Barnes & Noble // Kobo // Amazon // Indiebound



Set primarily in post-WWII Israel, Lone Wolf in Jerusalem is a
suspenseful, action-packed novel that is a worthy contribution to
Jewish historical fiction. Using drama, adventure, and romance,
Diskin has created a colorful and captivating story that entertains
and educates through the exploits of main protagonist, David Gabinsky.

During the war, after losing his family to Hitler’s ”final solution,” young
David leads a courageous group of Jewish resistance fighters against
the Nazis. When Germany is defeated, he journeys to Jerusalem, to find
a new battle brewing. British occupation forces are entrenched in Israel,
blocking Holocaust survivors from immigrating to their Jewish homeland.

Determined to help his people find freedom, David uses his guerilla skills
to single-handedly wreak havoc on the British. As he begins his dangerous
quest, David meets and falls in love with the beautiful Shoshana, a young
Holocaust survivor whose spirit may have been damaged beyond repair.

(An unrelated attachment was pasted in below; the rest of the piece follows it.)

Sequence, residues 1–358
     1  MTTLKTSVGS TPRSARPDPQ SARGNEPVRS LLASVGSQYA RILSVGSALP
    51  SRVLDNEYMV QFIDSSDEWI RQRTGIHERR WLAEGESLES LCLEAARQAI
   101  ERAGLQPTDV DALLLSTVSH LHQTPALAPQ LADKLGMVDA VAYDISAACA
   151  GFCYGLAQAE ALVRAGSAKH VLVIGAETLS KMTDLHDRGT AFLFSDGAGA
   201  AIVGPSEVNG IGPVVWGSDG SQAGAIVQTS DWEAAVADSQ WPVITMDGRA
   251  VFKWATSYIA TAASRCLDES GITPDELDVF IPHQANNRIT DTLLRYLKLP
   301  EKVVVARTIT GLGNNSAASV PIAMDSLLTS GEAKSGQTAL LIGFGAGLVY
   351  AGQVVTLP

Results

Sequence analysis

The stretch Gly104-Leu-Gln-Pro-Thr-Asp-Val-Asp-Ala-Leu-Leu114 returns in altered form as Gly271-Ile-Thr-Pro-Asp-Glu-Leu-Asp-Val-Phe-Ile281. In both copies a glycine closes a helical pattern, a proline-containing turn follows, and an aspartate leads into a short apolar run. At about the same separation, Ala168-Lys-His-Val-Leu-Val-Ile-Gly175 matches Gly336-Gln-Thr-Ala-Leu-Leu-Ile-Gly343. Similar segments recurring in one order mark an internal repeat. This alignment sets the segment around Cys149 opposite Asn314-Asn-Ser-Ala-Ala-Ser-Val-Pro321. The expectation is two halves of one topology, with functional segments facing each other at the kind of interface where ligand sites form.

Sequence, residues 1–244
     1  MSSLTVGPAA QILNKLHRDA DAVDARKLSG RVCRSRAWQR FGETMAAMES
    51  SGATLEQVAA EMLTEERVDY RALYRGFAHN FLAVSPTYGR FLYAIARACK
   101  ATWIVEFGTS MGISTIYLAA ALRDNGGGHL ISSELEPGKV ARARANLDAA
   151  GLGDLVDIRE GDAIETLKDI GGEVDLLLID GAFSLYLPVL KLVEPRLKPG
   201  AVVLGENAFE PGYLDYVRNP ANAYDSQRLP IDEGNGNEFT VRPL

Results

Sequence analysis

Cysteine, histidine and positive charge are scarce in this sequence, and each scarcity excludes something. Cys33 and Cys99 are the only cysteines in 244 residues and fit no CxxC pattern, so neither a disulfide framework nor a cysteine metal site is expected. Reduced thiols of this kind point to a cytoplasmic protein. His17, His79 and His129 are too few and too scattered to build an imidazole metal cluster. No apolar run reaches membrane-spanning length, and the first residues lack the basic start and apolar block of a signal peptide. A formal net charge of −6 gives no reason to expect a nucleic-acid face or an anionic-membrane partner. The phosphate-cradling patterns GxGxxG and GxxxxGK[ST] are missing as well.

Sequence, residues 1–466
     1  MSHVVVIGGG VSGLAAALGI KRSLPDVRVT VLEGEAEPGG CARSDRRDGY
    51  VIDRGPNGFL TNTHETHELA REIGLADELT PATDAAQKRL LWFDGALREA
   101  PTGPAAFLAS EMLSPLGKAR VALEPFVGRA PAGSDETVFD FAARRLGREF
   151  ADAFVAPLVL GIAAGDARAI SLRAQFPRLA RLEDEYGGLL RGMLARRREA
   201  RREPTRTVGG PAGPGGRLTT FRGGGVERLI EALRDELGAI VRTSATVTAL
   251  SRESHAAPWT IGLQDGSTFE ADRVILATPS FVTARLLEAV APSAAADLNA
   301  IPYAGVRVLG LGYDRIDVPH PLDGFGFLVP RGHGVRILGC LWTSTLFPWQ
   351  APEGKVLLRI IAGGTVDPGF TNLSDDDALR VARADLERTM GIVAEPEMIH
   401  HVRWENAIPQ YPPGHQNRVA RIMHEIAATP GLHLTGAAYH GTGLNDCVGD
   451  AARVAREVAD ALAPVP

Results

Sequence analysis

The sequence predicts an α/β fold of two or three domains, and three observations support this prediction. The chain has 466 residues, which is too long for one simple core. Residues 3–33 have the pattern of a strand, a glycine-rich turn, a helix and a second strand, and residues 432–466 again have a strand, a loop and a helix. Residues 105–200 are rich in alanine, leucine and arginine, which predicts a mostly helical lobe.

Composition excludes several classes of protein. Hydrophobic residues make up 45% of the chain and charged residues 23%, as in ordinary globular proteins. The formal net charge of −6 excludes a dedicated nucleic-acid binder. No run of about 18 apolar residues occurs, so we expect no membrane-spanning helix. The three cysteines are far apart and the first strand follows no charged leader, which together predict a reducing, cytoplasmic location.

Recounting the tragic losses and heroic triumphs of the Jewish people during
this critical stage in their history, Lone Wolf in Jerusalem brings these events to
life in a new and inspirational way, making them accessible to a new generation.
Originally written in Hebrew, this book quickly became a best seller in Israel.


An Excerpt from Lone Wolf in Jerusalem

Chapter 1

“Kill the one who comes to kill you” (from the Talmud, tractate Sanhedrin, 3rd–5th century)

Sergeant John Perry wrapped Sarah tightly in his arms once more, pressing his body to hers. The last thing he wanted this early in the morning was to relinquish the warmth of her embrace and step into the wintry darkness of Jerusalem. Had he known someone was lurking downstairs, waiting anxiously to snuff out his life, he surely would have stayed in bed.